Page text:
Social media tools are enjoying a heady run with seemingly more popping up on the scene every day. Every company/organization/celebrity under the sun is trying to get is to follow their data streams. There reaches a point though, when we sometimes need to say, “Enough is enough!”
Case in point: Recently I saw a Twitter post about a new automated storage facility being unveiled by the British Library. I followed the link to the story in the Yorkshire Evening Post, and I was pretty shocked by what I saw when I tried to read the article.
Newspapers are ad-supported. I get that. We all get that. Lots of websites are ad-supported as well. We all get it. In fact, most of us are probably pretty adept at just zooming in on the story and ignoring all of the surrounding
garbage stuff. It’s a little annoying when they insert ads in the body of the story and we have to dodge around them, but again, we’re kind of used to it. However, when they start disguising their little plugs as section headers within the story, it has gone too far.
As I read through through the story, the first two plugs were links to content elsewhere on the website. However, the next two were links to the paper’s Twitter and Facebook presence. I really didn’t need those masquerading as section headers within the story, especially when there is a handy-dandy social media box right below the story.
So you have some social media accounts, and you’re proud of them. Well and good. Just don’t shove them in our faces, please. I can find them in the little box . . . if I need them.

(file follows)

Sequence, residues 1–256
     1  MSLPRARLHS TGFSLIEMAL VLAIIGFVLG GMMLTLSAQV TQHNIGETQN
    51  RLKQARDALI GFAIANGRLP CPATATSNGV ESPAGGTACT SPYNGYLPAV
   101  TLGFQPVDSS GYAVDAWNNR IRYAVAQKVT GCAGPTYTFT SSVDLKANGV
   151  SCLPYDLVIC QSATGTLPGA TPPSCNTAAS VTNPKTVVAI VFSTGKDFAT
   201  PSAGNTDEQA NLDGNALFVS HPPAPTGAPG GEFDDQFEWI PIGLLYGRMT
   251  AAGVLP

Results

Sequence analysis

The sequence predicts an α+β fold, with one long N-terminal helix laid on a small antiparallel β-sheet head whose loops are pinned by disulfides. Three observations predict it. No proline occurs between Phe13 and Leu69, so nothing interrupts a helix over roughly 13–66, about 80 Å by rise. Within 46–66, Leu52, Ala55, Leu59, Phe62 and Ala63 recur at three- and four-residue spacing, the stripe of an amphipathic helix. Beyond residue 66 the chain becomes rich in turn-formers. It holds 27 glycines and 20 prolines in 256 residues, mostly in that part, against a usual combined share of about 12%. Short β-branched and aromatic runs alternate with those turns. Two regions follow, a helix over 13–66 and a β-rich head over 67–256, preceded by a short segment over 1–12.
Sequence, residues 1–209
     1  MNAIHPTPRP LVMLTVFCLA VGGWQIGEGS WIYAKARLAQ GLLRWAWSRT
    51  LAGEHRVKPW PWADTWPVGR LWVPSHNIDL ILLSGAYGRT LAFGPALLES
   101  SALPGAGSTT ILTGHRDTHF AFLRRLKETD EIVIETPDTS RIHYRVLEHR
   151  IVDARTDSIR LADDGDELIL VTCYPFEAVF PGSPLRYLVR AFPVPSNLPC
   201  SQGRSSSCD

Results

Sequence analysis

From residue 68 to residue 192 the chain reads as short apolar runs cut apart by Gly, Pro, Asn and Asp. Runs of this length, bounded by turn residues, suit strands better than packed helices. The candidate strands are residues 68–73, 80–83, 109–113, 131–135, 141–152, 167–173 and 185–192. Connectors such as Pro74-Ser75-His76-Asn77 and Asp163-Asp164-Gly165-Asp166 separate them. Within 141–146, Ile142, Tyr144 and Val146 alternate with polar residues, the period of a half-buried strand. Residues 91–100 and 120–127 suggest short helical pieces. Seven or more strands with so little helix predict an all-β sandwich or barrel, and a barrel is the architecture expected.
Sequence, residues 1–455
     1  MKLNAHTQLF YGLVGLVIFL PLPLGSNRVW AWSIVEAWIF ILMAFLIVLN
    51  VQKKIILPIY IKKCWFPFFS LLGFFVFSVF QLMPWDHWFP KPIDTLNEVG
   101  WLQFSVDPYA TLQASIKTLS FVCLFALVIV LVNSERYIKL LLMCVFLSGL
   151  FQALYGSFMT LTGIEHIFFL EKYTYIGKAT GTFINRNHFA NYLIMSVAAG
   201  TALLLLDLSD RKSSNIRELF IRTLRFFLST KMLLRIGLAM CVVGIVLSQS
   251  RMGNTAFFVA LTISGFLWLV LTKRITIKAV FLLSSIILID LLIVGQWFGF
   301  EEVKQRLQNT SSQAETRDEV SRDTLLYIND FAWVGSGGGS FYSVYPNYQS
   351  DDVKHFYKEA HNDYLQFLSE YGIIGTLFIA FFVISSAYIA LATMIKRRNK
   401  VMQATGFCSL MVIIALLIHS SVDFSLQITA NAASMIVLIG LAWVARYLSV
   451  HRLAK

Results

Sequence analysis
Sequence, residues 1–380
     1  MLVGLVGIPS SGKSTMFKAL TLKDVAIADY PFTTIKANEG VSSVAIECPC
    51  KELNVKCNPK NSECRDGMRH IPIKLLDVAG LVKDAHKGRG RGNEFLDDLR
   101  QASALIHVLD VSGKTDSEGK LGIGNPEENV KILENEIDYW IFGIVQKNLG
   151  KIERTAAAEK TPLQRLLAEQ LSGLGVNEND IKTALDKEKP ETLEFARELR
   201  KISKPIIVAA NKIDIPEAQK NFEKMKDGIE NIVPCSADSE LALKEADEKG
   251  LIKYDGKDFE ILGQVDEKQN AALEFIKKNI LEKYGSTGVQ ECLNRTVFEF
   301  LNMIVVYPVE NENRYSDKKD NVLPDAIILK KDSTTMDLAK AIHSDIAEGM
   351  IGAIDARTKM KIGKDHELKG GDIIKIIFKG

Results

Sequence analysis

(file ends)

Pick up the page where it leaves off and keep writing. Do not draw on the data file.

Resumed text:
Last month brought a lot of hoopla over Facebook’s change to the terms of service agreements with users. (See references below for more reading.) Now it seems that Eastman Kodak Co. also has a change that has generated some user ire. According to a recent AP story, Kodak’s free online photo hosting service is no longer free. It sounds like Kodak is asking users to make a modest minimum purchase in order to keep using the storage services. Users who fail to do that risk having their photos deleted.
These two cases sound like they are at extreme ends of the spectrum. Kodak’s change sounds reasonable to me. They don’t want to just provide free storage for people who never make a purchase, so they’re asking customers to buy a few photos. On the other end, Facebook has essentially told its users that even if they delete their accounts, Facebook has the right to do what it wants to with their content forever. Can you imagine Facebook taking one of your photos and using it in an advertising campaign? Sounds like they have given themselves the right to do just that.